The Philistines possessed the ark for seven months, and that possession cost them dearly. First they brought it to Ashdod, one of the Five Cities of the Philistines. They carried into the Temple of Dagon and set it before the towering image of Dagon. The next morning the citizens found the image sprawled on its face in front of the ark. They set the statue upright, but on the morning after that the statue had fallen again, and this time its head and hands had been broken off. The temple was never repaired. (Samuel 6:1-5 )

Not long after that, the most serious problem arose: every citizen in Ashdod and its environs developed a type of tumor or boil, the nature of which has never been determined with satisfaction. The King James Version describes these as "emerods," a word that the French Louis Segond version renders as hemorrhoids. (The actual Hebrew word, טְחֹרֵ֣ or techor, usually means an inflammatory or burning lesion, not a neoplasm). Flavius Josephus says that the Ashdodites suffered from severe dysentery.[1] In addition, Ashdod seems to have suffered an infestation of mice, as the succeeding narrative suggests.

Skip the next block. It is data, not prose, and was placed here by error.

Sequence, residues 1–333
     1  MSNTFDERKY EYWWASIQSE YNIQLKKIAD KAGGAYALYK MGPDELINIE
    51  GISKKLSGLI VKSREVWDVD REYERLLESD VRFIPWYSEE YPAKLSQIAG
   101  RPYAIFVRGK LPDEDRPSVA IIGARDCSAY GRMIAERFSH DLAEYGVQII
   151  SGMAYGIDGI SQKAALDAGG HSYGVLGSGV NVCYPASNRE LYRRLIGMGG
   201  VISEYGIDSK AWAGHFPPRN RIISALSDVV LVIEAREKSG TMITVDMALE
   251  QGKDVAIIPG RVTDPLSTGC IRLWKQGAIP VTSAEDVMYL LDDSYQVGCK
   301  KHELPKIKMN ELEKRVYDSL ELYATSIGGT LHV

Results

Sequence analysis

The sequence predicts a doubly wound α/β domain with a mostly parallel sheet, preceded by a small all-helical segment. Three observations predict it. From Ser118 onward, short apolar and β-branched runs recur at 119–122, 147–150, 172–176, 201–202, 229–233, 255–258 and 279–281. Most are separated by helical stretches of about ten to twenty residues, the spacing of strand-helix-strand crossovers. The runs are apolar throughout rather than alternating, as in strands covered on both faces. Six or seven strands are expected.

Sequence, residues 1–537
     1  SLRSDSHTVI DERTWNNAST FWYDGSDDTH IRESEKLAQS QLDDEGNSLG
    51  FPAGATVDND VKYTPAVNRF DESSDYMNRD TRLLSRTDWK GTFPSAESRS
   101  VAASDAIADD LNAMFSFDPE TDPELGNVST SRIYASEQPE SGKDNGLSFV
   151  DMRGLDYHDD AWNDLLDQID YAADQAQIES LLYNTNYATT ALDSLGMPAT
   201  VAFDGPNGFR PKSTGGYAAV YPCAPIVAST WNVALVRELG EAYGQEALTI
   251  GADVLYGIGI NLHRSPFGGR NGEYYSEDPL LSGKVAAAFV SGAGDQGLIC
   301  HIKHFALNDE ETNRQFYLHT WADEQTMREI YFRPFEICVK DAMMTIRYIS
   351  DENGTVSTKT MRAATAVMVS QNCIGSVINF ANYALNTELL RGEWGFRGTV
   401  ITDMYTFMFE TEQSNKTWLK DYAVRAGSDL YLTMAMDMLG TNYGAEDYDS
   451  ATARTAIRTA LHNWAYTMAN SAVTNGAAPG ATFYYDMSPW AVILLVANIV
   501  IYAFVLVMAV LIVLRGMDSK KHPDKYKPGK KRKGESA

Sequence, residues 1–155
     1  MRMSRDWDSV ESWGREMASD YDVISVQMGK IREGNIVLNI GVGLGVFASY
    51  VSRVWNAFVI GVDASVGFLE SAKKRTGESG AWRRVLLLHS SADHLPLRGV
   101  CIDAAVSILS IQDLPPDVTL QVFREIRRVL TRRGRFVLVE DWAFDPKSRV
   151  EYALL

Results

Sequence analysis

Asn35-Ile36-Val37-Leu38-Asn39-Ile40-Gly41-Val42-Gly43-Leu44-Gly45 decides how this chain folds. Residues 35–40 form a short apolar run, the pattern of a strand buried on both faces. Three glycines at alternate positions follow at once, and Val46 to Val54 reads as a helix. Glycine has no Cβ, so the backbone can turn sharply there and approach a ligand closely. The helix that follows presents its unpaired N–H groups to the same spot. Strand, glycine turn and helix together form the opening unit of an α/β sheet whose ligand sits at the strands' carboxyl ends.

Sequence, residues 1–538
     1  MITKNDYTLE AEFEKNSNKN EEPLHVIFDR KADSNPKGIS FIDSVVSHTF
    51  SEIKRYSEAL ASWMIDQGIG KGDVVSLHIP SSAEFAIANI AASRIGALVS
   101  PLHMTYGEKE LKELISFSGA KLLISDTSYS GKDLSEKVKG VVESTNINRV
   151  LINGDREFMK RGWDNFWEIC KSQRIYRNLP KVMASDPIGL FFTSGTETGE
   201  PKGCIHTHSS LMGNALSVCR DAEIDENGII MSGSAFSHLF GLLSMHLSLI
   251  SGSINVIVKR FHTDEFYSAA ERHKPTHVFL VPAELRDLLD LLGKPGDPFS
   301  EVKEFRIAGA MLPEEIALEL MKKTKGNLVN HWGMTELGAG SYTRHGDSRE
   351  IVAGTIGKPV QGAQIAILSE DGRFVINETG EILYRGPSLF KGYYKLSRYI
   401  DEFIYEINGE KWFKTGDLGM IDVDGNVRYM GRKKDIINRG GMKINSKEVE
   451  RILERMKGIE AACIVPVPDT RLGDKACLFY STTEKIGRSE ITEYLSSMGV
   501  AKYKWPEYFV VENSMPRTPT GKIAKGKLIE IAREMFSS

The citizens of Ashdod then begged the Lords of the Five Cities to take the Ark away. The lords then brought the ark to Gath, and then to Ekron, and the population of each city suffered from the plagues of boils and mice, as had the population of Ashdod. (1_Samuel 6:6-12 )

The Return

Finally the advisers of the Lords of the Five Cities suggested that they return the ark. The advisers remembered the Egyptian plagues and suggested that the Five Lords should feel no shame in yielding to a God Who could wreak such vengeance. So they built a cart specifically for the errand, placed the ark on it, added a box containing one golden boil and one golden mouse (one of each object for each of the Five Cities), and sent it on the road, pulled by two milk cows that had never been yoked. The advisers even said that if the cows pulled the ark to Beth-shemesh without human direction, then they would know that God was indeed responsible for everything that had happened to them since the capture of the ark.